Federal Rule of Civil Procedure 20 governs permissive joinder, and, the parties do not dispute that Greenlease's insurance carriers meet the requirements of permissive joinder in this case. The Supreme Court of the United States has commented: "Under the Rules, the impulse is toward entertaining the broadest possible scope of action consistent with fairness to the parties; joinder of claims, parties and remedies is strongly encouraged." United Mine Workers of Am. v. Gibbs, 383 U.S. 715, 724 (1966). A court, however, "has discretion to deny a motion for joinder, even if the conditions of Rule 20(a) are met, in order to prevent undue delay or other prejudice to the other parties." Bamgbose v. Delta-T Grp., Inc., 724 F.Supp.2d 510, 518 (E.D. Pa. 2010); Hagan v. Rogers, 570 F.3d 146, 157 (3d Cir. 2009) (A district court has "broad authority with regard to joinder under Rule 20, which is, after all, discretionary."). "In exercising its discretion, the District Court must provide a reasoned analysis that comports with the requirements of the Rule, and that is based on the specific fact pattern presented by the plaintiffs and claims before the court." Hagan, 560 F.3d at 157. "The purpose of Rule 20(a) is to promote trial convenience and expedite the final determination of disputes, thereby preventing multiple law suits.'" Miller v. Hygrade Food Products Corp., 202 F.R.D. 142, 144 (E.D. Pa. 2001 (quoting 7 CHARLES ALAN WRIGHT, ARTHUR R. MILLER AND MARY KAY KANE, FEDERAL PRACTICE AND PROCEDURE ยง1653 at 409 (3d ed. 2001)).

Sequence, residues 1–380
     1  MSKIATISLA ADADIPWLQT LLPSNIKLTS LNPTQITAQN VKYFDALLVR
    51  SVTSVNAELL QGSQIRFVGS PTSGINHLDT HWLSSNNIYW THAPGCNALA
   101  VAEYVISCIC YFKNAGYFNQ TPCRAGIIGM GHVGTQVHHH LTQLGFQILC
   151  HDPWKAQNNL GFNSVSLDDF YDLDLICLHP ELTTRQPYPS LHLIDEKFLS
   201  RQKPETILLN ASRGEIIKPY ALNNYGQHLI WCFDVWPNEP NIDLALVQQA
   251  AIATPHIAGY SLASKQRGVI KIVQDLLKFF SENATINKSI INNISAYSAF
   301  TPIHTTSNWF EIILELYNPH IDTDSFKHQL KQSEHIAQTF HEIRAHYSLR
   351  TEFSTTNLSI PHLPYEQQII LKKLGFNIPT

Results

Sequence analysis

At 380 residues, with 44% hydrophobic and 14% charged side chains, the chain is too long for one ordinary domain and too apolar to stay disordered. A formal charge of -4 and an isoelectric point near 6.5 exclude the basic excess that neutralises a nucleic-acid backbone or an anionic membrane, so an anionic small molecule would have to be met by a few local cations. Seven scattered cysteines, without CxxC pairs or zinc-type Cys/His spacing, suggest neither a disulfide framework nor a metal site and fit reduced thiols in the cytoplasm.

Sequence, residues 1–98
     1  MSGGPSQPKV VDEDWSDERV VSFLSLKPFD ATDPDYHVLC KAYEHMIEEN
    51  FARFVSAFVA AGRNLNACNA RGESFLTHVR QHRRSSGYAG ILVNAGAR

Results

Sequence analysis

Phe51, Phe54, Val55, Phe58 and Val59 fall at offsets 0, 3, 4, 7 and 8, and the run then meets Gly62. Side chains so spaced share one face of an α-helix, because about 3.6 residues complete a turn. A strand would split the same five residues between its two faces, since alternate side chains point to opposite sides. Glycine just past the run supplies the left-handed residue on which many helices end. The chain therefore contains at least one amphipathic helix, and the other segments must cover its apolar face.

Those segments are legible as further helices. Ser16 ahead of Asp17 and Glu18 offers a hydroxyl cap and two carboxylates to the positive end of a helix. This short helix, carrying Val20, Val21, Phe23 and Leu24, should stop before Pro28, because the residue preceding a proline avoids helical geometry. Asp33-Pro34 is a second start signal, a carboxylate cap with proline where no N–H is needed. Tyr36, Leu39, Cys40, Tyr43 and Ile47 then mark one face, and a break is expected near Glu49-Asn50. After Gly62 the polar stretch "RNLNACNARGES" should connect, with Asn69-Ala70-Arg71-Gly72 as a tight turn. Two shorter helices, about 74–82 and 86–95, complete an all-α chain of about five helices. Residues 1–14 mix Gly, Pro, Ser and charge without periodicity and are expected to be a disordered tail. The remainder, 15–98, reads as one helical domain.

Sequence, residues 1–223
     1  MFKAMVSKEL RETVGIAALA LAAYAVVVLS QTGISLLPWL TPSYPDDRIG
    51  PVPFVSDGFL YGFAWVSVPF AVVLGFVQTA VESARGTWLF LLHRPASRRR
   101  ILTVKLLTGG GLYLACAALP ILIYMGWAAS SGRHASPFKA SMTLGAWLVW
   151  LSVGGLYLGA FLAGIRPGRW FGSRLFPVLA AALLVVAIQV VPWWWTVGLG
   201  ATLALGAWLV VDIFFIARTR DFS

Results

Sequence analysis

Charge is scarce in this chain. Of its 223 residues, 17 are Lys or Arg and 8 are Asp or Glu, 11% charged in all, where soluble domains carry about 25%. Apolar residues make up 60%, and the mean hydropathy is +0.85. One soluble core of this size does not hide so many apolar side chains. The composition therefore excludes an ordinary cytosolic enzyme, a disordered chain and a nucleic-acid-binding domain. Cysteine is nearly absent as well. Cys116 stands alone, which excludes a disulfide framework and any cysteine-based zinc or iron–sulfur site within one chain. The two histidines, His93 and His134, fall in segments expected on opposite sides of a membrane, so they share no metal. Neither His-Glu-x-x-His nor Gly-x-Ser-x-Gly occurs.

The Third Circuit Court of Appeals has recognized that a district court has the "inherent power to manage its caseload, control its docket, and regulate the conduct of attorneys before it, " which "provides [the court the] authority to fashion tools that aid the court in getting on with the business of deciding cases." Eash v. Riggins Trucking Inc., 757 F.2d 557, 567 (3d Cir. 1985). Here, the court denied the Trinity plaintiffs' request for joinder because this case-after being litigated for more than six years -is set for trial. To permit the Trinity plaintiffs to join Greenlease's insurance carriers at this late stage in the litigation would unduly delay resolution of the claims that have been pending before this court for six years, and interfere with this court's authority to "get[] on with the business of deciding" this case. Id. As the court instructed the Trinity plaintiffs at the hearing on November 12, 2014, the Trinity plaintiffs-if they desire to- may file a separate lawsuit against Greenlease's insurance carriers.[1] Based upon the foregoing, Trinity did not show that reconsideration of the court's November 12, 2014, decision is necessary to correct a clear error of law or fact or to prevent manifest injustice.

IV. Conclusion

Trinity's motion for reconsideration (ECF No. 249) will be denied for the reasons set forth herein. An appropriate order will be entered.